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Published: 2002/11/06
by Jesse Jarnow

Medeski Martin & Wood, Hammerstein Ballroom, NYC- 10/31

NYC ROLL-TOP: The Lone Trio Rides Again's funny, really, 'cause Medeski Martin and Wood's Shack-man – their
unabashed, B3-driven 1996 groove-fest – practically single-handedly changed
the face of the jamband scene — or, at the very least, what the kids
(myself included) were listening to. It was Phish-endorsed. It was
danceable. It was funky (yeah, I said it). Most importantly, it had an
intelligence to it that was somehow compatible with the mix of
post-punk/post-prog that had been burbling in the northeast. The kids
listened to it, and they started bands of their own. Now, it's hard to spit
without hitting some band that prides themselves in their grooves or their
ability to play The Funk or something like that.

And the reason why all of that is funny is because, on Halloween at New
York's Hammerstein Ballroom – at perhaps Medeski, Martin and Wood's biggest
headlining show to date – there was practically nobody dancing. Looking out
from the mezzanine, it looked as if the crowd were collectively nodding its
head along with the trio for the bulk of the show. There were isolated
patches of movement throughout the crowd, of course, but it wasn't until
midway through the second set that people started to really throw down. That
was just fine, too.

When the band took the stage bedecked in Halloween weirdness (drummer Billy
Martin had to be plugged in by a techie), they launched into a dark,
dissonant jam. On one hand, the improvisation was very much like the weird
free jazz that finds its home in New York clubs like Tonic, in the scene
were MMW find their roots. On the other hand, there was something far more
majestic about the way MMW performed it. Perhaps it was just the size of the
room, but MMW seem to have come up with a truly mature voice for their free
playing, one every bit as enticing as the groove music they still
occasionally engage in. Whether or not this voice will catch on and spawn
new explorers is still up for grabs (and, I suppose, something of an
irrelevant question as long as MMW continue to play like they have been).

In any event, all the atonality didn't simply serve as a tension-builder
before dropping into something more consonant. It existed for its own sake,
and not in any narcissistic way, either. It was just cool. So, when the band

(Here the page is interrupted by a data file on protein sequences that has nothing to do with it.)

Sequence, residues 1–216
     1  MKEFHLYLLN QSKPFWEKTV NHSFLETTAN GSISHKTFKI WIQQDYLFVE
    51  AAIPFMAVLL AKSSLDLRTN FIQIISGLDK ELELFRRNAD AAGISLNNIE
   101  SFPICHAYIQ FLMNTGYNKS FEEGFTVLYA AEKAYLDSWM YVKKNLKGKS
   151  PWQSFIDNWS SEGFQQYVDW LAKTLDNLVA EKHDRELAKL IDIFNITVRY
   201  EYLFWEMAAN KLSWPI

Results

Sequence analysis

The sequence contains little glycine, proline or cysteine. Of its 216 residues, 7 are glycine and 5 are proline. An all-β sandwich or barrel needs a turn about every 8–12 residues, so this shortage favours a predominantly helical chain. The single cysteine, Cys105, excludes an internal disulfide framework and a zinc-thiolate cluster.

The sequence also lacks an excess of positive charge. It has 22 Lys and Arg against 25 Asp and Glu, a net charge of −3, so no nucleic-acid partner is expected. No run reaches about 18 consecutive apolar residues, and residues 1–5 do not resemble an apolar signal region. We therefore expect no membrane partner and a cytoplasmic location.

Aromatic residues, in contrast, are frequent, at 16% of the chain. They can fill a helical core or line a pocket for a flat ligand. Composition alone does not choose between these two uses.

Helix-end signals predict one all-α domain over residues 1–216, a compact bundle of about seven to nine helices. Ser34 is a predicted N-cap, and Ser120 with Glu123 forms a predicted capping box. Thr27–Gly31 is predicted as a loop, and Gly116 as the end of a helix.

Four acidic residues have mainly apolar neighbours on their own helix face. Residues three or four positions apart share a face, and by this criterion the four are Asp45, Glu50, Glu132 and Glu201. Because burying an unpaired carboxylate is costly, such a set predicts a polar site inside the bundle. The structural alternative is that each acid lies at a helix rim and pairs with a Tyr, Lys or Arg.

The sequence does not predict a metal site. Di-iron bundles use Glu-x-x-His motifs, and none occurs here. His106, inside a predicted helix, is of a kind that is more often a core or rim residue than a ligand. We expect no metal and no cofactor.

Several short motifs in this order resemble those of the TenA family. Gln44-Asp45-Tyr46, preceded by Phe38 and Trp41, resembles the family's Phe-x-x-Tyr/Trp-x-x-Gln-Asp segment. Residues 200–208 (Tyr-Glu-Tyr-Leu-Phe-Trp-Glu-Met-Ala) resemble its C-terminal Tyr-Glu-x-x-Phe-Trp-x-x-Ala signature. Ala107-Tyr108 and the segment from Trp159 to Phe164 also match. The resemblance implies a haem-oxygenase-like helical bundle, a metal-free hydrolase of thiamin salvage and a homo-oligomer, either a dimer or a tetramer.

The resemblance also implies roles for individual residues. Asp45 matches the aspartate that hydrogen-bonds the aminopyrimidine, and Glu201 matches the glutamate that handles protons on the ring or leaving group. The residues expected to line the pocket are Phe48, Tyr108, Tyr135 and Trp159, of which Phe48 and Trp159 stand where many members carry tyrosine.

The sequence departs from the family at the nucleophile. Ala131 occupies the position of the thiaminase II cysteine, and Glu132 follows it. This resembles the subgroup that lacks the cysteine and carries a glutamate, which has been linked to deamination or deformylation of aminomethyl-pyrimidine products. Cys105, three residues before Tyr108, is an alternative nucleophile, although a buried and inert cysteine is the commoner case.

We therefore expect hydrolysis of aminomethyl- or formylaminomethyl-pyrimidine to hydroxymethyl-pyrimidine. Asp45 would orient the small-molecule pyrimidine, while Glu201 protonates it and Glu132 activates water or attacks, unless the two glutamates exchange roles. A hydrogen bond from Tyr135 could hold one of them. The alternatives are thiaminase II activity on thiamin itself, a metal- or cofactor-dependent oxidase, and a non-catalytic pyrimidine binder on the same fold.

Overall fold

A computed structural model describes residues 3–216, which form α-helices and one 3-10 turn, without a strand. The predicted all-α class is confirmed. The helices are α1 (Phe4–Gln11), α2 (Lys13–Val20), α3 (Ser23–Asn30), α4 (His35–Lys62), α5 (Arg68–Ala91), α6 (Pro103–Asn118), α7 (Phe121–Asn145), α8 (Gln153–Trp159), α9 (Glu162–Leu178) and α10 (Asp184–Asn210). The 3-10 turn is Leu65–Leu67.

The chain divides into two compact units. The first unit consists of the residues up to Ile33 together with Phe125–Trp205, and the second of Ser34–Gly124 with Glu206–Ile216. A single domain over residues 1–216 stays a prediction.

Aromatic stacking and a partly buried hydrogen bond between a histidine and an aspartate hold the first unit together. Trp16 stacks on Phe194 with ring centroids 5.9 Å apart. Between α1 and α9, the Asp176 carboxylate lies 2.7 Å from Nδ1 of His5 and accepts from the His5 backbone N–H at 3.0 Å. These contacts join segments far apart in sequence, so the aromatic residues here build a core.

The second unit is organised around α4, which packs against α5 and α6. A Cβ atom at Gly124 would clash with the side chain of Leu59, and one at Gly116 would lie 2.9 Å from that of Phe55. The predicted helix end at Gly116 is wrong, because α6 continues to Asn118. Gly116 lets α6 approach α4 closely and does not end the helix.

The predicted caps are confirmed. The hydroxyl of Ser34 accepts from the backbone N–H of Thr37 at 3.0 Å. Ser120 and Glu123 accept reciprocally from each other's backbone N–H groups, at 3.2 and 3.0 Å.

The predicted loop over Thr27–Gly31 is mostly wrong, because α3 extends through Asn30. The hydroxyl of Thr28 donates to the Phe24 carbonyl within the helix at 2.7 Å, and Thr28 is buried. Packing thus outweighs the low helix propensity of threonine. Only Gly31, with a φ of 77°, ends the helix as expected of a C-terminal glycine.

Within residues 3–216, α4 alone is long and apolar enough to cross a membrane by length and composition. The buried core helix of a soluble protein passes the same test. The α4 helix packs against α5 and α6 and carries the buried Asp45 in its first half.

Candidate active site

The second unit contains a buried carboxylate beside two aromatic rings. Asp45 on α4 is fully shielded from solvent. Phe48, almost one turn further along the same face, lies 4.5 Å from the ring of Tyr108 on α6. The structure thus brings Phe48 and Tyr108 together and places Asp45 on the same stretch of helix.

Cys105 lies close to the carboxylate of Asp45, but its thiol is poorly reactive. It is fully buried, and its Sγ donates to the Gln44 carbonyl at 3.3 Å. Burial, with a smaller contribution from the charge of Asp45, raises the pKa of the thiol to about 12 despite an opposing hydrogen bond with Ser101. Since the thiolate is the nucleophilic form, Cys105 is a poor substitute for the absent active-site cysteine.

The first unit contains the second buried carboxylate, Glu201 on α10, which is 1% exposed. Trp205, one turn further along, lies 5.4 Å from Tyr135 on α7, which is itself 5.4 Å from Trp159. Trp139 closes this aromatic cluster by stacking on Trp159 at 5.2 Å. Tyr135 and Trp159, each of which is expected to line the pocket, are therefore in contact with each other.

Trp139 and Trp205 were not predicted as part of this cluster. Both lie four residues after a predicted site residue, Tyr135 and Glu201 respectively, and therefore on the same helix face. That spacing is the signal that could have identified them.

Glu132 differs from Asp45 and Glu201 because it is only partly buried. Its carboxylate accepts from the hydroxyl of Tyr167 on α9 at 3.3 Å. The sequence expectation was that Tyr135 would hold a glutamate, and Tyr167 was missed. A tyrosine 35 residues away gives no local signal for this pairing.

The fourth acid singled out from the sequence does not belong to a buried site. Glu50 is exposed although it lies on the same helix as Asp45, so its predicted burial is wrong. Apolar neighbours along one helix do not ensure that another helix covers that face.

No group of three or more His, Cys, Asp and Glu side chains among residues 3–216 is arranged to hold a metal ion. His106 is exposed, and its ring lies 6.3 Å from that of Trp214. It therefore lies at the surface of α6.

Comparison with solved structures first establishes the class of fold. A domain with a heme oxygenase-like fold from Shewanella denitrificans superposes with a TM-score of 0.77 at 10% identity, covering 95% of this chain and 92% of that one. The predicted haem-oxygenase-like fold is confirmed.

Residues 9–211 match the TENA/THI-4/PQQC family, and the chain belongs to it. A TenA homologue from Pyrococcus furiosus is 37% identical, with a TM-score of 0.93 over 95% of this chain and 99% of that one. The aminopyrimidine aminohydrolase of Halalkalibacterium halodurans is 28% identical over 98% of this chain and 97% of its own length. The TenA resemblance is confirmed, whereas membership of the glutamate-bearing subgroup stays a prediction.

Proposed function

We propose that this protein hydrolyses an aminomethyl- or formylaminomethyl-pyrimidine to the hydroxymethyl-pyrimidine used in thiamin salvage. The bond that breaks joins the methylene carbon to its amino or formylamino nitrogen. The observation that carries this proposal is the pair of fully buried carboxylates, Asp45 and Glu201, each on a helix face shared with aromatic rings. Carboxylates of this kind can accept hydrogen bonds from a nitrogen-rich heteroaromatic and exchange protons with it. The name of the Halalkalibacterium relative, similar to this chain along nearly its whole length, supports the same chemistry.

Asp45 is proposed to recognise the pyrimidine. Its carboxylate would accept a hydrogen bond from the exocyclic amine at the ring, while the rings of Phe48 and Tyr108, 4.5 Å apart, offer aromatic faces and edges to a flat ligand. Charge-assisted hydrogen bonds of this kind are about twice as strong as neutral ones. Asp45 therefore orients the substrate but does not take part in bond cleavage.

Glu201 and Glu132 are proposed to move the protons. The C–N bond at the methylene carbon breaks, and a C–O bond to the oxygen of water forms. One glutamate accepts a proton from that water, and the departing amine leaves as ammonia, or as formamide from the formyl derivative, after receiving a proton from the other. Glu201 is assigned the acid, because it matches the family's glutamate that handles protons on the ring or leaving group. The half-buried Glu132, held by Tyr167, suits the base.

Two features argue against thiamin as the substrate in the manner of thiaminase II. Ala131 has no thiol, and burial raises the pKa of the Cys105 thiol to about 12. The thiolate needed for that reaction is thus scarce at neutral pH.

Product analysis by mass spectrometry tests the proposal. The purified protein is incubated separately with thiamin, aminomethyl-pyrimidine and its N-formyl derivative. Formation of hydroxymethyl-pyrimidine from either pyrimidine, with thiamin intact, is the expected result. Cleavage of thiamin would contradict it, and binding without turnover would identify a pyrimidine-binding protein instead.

subtly slammed into the title track off of The Dropper, the momentum
wasn't exactly upped, so much as gracefully shifted. A long percussion solo
from Martin, who has been performing numerous side shows in recent months,
punctuated the first set. His work has paid off handsomely. Where his solo
percussion sets have been experimental, occasionally falling flat in a deft
willingness to expand his palette, what he has brought back to MMW (at least
at the Hammerstein) was consistently wonderful, flowing from one instrument
to another.

The band's second set didn't quite match up to the first. Opening with a
Martin-led percussion ensemble invocation (featuring John Medeski, Chris
Wood, and others on woodblocks), the band welcomed numerous special guests
to the stage. First up was opening act DJ Spooky, who added subliminal
ambience to the set opening "Dracula" and "Partido Alto". His contributions
were wonderful and understated. In all, he probably should've stayed out
longer than just the first two numbers. The band was soon joined by Smokey
Hormel, guitarist for Beck, whose bossa nova project with Cibo Matto's Miho
Hatori opened the show. Playing a classical acoustic, Hormel had a little
trouble finding a groove, though ultimately added some great texture
underneath the jam.

For the most part, MMW only seem to welcome guests to the stage who might
make a significant contribution to the music. And while they tend to play
with extra musicians more often than some outfits, they do so carefully.
Like their forays into funk, it is an act common for the bands that have
followed them, but has not often met with the same success. They rarely have
guests simply for the sake of having them, and they certainly don't glide on
the assumed automatic magic that might occur when extra musicians show up.

All that said, the band then welcomed up a new edition of the Uninvisible
Horns, led (as always) by Sex Mob leader Steven Bernstein. The horn quartet
had trouble finding a comfortable place in the music. Comprised of slide
trumpet, saxophone, trombone, and tuba, the horns sounded a bit too bright,
a bit too sonically sharp, for the gradual and meticulous music MMW were
making. About midway through the set, somewhere near the segue between a
cover of Jimi Hendrix's "Fire" and the band's own "Smoke", people started
dancing. It was interesting watching it. It wasn't so much that the music
had changed drastically as that it almost needed to happen.

Having already explored the opposite ends of the spectrum with
Shack-man and The Dropper, it will be interesting to see what
they develop into. As their popularity continues to (apparently) grow, it is
almost as if they need to refine the stately weirdness of the show's opening
into song form — a kind of ambient free jazz, challenging and atonal, but
also accessible and graceful. With occasional shouts of "Wilson!" or other
inanities, it's definitely kinda funny…

Jesse Jarnow thinks it's all a mystery

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